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The Mob
written by "Galsworthy, John, 1867-1933"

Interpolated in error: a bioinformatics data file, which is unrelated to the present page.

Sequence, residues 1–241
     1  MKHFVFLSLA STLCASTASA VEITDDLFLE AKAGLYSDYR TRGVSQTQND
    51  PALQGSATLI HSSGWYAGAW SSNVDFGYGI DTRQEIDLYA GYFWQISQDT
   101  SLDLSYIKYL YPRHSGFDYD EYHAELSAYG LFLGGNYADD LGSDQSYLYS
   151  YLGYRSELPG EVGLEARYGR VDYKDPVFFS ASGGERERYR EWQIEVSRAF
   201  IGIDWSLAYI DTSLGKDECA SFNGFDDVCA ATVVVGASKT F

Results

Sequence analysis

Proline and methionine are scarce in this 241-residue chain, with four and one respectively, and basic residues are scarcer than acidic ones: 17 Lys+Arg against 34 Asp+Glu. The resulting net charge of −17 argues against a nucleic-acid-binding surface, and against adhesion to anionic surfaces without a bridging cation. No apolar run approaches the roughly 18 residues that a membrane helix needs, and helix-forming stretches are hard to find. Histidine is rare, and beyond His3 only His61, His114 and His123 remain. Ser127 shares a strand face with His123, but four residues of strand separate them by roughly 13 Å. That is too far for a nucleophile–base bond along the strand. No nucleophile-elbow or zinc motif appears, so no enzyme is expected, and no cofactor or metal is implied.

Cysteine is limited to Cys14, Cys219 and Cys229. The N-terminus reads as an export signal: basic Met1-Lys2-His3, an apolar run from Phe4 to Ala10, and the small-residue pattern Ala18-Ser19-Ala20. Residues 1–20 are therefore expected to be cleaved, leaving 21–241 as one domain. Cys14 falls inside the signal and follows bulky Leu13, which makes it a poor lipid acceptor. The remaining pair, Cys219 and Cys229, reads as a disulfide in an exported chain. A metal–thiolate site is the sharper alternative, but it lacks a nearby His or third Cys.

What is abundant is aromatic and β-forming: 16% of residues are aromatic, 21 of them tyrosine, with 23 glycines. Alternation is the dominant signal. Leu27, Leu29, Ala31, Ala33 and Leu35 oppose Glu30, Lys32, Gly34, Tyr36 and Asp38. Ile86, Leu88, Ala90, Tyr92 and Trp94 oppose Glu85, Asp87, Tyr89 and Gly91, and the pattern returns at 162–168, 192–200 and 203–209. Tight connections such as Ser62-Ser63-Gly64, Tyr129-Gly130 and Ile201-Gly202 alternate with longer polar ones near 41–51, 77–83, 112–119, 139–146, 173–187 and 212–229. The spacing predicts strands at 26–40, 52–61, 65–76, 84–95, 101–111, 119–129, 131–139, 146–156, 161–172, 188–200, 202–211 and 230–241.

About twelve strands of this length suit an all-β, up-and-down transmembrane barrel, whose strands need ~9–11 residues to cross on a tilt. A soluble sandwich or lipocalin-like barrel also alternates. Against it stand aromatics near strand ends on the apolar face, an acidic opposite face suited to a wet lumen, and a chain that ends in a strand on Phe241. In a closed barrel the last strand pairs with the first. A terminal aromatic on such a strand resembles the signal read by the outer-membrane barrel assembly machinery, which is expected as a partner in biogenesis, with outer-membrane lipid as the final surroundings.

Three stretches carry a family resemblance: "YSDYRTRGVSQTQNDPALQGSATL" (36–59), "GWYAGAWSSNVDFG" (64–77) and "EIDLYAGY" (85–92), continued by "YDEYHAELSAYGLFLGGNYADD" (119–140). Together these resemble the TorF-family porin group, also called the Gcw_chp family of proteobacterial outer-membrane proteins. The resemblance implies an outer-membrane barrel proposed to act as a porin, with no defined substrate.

... STEEL. Give it up, sir. The odds are too great. It isn't worth it. MORE. To fight to a finish; knowing you must be beaten—is anything better worth it? STEEL. Well, then, I'm not going. MORE. This is my private hell, Steel; you don't roast in it any longer. Believe me, it's a great comfort to hurt no one but yourself. STEEL. I can't leave you, sir. MORE. My dear boy, you're a brick—but we've got off by a miracle so far, and I can't have the responsibility of you any longer. Hand me over that correspondence about to-morrow's meeting. STEEL takes some papers from his pocket, but does not hand them. MORE. Come! [He stretches out his hand for the papers. As STEEL still draws back, he says more sharply] Give them to me, Steel! [STEEL hands them over] Now, that ends it, d'you see? MENDIP. [Taking MORE'S hand] Give me credit for a little philosophy, my friend. Mrs. More told me you'd be back to-day. Have you heard? MORE. What? MENDIP. There's been a victory. MORE. Thank God! MENDIP. Ah! So you actually are flesh and blood. MORE. Yes! MENDIP. Take off the martyr's shirt, Stephen. You're only flouting human nature. MORE. So—even you defend the mob! MENDIP. My dear fellow, you're up against the strongest common instinct in the world. What do you expect? That the man in the street should be a Quixote? That his love of country should express itself in philosophic altruism? What on earth do you expect? Men are very simple creatures; and Mob is just conglomerate essence of simple men. MORE. Conglomerate excrescence. Mud of street and market-place gathered in a torrent—This blind howling "patriotism"—what each man feels in here? [He touches his breast] No! MENDIP. You think men go beyond instinct—they don't. All they know is that something's hurting that image of themselves that they call country....

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